- What is the time interval over which the 240 convictions were recorded?
- Is the incidence of drug- and alcohol-related crime among U.S. troops in Iraq and Afghanistan higher than you would observe at a stateside U.S. base of 168,000 troops?
- What is an alcohol-related crime? If a GI drinks one beer and then stomps a guy in his barracks, is that alcohol related?
- Given that alcohol is forbidden by the U.S. military in Iraq and Afghanistan, doesn't it stand to reason that troops who obtain a bottle will drink it all because they have no legal space to store the unconsumed contents? (When you, dear reader, were an underage drinker, didn't you and your pals binge on the case of Miller you scored?)
- U.S. troops in Vietnam were allowed alcohol. Are the Vietnam crime statistics radically different from the ones recorded in Iraq and Afghanistan? Would alcohol-related crimes go down if troops could drink legally?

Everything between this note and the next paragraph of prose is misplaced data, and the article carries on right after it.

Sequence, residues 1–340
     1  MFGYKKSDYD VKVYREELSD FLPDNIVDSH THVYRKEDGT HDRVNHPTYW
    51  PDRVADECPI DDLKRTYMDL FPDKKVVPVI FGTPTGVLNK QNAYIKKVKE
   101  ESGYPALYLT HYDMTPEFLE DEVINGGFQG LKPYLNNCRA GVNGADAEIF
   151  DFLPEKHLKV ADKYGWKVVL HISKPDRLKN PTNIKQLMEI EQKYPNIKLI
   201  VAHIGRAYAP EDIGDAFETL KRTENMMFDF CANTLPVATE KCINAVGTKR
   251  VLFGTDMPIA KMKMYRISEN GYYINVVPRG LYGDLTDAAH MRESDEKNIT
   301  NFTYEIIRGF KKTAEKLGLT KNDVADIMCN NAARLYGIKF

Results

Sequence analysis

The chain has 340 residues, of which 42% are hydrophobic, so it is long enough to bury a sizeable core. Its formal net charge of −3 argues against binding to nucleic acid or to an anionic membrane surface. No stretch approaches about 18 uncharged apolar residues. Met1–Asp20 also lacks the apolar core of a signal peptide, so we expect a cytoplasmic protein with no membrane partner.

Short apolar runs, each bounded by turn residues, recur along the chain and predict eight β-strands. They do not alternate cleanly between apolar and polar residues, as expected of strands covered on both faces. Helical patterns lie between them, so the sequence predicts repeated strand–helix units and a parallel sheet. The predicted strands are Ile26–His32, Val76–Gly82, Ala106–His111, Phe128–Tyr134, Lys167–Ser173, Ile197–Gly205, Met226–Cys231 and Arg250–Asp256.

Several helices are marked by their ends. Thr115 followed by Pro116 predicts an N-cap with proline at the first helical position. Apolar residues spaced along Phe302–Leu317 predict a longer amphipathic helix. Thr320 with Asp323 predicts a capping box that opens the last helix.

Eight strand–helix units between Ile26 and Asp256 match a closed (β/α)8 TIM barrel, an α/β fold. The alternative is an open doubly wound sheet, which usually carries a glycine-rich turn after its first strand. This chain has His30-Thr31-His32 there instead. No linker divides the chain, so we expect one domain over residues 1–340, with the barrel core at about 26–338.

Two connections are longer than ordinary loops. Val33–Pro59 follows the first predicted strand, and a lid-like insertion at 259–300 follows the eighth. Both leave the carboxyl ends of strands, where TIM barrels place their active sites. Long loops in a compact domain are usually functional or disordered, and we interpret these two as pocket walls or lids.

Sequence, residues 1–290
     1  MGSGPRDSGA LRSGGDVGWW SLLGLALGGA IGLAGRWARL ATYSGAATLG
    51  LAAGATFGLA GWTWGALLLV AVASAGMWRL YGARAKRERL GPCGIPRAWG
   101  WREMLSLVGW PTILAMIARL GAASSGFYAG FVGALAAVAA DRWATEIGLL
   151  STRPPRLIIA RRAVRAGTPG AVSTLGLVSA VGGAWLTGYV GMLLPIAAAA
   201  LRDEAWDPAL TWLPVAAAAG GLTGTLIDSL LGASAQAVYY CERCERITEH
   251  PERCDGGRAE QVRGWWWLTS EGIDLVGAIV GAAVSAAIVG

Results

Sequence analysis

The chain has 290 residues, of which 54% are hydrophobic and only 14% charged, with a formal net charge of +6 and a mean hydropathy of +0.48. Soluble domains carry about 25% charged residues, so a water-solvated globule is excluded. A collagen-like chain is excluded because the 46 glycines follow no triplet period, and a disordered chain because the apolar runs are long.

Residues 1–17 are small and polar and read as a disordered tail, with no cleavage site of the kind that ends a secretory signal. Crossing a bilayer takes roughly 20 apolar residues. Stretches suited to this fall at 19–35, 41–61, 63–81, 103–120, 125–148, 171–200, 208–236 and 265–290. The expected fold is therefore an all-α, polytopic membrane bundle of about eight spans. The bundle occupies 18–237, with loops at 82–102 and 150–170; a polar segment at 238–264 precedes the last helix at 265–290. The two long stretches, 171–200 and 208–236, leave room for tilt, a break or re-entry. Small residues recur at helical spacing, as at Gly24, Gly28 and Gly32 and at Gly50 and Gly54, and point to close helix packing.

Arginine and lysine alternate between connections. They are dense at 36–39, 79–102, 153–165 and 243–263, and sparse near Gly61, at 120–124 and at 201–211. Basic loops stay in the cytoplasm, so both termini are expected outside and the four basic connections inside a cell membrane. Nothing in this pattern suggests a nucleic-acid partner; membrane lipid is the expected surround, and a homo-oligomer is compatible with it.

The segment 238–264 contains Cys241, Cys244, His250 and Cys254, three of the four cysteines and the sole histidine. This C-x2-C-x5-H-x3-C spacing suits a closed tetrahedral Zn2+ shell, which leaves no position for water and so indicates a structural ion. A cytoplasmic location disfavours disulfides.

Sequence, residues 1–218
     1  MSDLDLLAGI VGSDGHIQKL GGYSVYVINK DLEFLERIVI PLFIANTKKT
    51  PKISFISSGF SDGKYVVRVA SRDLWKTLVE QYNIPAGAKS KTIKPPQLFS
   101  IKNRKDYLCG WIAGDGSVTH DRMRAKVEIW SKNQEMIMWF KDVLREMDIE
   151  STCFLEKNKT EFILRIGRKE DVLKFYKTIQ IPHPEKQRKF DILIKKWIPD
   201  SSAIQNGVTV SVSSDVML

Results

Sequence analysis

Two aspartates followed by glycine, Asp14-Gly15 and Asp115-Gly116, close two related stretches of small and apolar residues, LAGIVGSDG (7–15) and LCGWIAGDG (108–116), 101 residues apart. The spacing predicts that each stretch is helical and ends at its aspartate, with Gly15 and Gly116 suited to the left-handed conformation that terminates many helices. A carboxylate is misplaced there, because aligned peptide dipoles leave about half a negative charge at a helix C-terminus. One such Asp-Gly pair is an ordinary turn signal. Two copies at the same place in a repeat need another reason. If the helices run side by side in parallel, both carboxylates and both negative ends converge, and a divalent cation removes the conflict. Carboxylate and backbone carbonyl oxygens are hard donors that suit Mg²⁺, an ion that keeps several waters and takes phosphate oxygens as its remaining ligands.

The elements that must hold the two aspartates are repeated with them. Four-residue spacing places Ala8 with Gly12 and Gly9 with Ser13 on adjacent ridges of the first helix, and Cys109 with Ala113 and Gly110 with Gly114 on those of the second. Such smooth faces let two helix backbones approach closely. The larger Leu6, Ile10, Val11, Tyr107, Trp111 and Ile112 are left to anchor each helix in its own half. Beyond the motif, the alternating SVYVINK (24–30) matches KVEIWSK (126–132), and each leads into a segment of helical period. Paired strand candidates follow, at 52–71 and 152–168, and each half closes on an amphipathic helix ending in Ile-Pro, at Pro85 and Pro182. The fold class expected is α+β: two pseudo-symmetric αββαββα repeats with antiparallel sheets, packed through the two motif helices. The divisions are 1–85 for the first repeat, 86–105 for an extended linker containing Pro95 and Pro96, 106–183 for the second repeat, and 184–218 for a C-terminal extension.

- What nonalcohol drugs are being consumed? Which drugs are most popular? How do troops get them? Which psychoactive drugs are dispensed to combat soldiers?
- The article states that 73 of the 240 convictions were for murder, rape, assault, and armed robbery, and that 12 convictions were for sex crimes. What other crimes brought convictions?
- Of the approximately 120 drug-related convictions recorded, how many were for drug possession?
We learn from the article that "the rate of binge drinking in the Army shot up by 30 percent from 2002 to 2005." Isn't that a useless statistic unless we know how many binge drinkers were in the Army in 2002?
As you may have sensed, I've roiled myself to a point that can only be calmed by a Maker's Mark over ice. Cheers!
Why did the Times cover this story like a sobbing drunk? If you think the editors should lead the newsroom in a seminar of controlled drinking, what drinks should be served? Send your cocktail recipes and wine lists to email@example.com. Please, no goofball drinks like coke, rum, and Coke. (E-mail may be quoted by name unless the writer stipulates otherwise. Permanent disclosure: Slate is owned by the Washington Post Co.)